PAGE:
p.s. Angellike550 please send me your address via my email link so that I can get your prize off and in the mail right away.:)

Tuesday, May 25, 2010

New beginnings

Well I haven’t forgot about you but I have had to take a short break to have a baby.:) The newest member to my family was born last Tuesday May18th.  He weighed in at 8lbs 4oz.Baby Ewen B & W Not bad if I do say so myself.:) I wish I could tell you some story about my hair and the effect of pregnancy on it, but in all honesty I really don’t think that I had any ill effects. If all my hair starts to fall out I’ll let you know. lol jk:)

With a million things running through my head at the moment I decided it might be fun, and make life a little easier on me, plus spice things up a bit, to ask you (the reader) what you would like to know more about (with regards to curly hair of course). So here I go, I am opening up the floor to your suggestions, and if your suggestion gets picked I will send you  a set of metal clippies and 2 plopping towels as my thanks.  To qualify all you have to do is leave your suggestion in the comment section below and then follow me using Google Friend Connect. If you are already following me using Friend Connect then leave a 2nd comment in response to a different article in my blog archive.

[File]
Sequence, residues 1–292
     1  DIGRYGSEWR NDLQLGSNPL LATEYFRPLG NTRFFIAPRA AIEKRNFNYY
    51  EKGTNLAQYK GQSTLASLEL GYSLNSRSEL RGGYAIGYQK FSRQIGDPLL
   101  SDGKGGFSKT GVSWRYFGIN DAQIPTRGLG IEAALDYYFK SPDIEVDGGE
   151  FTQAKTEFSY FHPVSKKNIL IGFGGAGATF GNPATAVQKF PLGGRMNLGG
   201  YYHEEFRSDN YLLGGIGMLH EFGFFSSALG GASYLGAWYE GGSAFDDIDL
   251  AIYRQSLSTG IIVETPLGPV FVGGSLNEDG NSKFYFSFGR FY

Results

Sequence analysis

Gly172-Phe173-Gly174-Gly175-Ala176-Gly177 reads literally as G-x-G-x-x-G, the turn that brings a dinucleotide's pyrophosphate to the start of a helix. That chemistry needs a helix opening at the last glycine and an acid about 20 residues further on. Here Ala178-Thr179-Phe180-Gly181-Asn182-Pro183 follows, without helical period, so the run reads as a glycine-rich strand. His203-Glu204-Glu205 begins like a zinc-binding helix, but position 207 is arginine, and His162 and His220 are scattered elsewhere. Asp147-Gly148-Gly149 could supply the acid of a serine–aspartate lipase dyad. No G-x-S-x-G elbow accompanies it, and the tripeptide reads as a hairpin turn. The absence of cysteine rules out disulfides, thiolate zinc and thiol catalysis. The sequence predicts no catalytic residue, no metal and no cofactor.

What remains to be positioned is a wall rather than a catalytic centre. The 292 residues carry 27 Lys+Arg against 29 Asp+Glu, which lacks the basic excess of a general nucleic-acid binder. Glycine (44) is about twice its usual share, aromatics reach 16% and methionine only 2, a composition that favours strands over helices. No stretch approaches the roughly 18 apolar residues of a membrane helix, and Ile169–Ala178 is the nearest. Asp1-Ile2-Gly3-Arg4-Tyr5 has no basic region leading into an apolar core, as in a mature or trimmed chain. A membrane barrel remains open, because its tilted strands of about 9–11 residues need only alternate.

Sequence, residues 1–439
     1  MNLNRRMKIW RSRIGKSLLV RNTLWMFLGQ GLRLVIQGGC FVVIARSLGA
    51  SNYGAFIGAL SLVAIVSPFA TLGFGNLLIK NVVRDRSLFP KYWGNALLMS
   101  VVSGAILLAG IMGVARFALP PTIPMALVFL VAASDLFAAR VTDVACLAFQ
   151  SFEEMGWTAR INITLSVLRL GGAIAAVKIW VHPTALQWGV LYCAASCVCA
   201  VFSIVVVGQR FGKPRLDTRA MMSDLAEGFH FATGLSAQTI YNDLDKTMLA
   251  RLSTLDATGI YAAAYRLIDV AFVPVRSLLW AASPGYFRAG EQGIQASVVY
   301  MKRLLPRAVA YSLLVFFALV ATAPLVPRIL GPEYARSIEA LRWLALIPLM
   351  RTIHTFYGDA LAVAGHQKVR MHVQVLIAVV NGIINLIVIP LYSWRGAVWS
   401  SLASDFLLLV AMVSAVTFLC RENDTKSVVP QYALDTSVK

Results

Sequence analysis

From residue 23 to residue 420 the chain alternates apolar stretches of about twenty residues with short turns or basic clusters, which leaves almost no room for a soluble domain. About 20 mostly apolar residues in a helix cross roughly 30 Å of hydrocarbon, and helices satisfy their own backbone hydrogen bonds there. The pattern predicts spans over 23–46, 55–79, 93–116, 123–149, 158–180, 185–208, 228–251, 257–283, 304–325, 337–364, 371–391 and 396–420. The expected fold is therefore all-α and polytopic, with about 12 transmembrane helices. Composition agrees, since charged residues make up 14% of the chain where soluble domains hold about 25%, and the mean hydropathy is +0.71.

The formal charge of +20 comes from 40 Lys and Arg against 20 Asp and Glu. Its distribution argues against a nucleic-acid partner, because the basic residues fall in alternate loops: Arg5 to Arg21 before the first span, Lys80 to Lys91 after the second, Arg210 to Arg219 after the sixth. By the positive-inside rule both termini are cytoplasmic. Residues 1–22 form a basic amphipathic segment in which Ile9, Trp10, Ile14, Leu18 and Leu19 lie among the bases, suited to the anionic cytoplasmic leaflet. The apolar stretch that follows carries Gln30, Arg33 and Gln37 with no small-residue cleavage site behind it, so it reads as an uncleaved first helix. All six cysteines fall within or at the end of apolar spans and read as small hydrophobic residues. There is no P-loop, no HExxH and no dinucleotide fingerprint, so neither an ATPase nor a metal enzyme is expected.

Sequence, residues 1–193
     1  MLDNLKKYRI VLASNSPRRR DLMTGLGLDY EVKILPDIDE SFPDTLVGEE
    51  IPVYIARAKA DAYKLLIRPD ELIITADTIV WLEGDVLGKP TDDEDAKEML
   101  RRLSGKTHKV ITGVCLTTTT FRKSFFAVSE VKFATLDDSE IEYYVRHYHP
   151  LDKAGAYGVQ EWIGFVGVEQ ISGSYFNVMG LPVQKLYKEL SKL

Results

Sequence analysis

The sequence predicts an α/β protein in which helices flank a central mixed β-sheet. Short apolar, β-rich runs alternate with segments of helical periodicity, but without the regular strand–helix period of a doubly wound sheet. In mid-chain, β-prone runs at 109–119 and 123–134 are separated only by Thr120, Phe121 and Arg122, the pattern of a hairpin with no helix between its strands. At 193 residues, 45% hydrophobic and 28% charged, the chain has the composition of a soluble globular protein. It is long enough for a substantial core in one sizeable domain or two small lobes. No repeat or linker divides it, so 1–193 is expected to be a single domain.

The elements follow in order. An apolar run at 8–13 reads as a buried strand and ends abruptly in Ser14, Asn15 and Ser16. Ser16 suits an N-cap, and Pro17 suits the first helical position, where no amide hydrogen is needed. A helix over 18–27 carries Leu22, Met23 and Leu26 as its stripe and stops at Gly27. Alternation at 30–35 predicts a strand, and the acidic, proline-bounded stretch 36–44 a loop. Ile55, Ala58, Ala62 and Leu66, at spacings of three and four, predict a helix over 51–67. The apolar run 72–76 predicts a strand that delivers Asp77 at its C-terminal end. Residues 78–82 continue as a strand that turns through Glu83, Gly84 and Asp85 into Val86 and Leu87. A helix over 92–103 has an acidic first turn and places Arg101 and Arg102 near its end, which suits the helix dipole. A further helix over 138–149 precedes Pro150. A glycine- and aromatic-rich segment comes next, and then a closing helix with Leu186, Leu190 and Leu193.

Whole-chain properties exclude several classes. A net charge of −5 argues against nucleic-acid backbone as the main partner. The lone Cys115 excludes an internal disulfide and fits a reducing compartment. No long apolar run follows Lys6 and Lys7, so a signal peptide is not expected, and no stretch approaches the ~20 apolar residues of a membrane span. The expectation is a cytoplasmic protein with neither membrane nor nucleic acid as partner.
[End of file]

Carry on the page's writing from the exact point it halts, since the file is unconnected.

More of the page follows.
Can’t wait to see what you come up with. Good Luck!

P.S. This contest will close on Tuesday June 1st.

Monday, May 10, 2010

Tip of the week #5

Don’t have time to wash you hair in the morning, but your curls look like a crazy mess! Try spritzing your hair with water and then scrunching a bit of conditioner into the mid shaft and ends with your hands. Let your hair air dry and remember, don’t mess with it until it is all dry.:)

Tuesday, May 4, 2010

Comb vs. Brush Part 2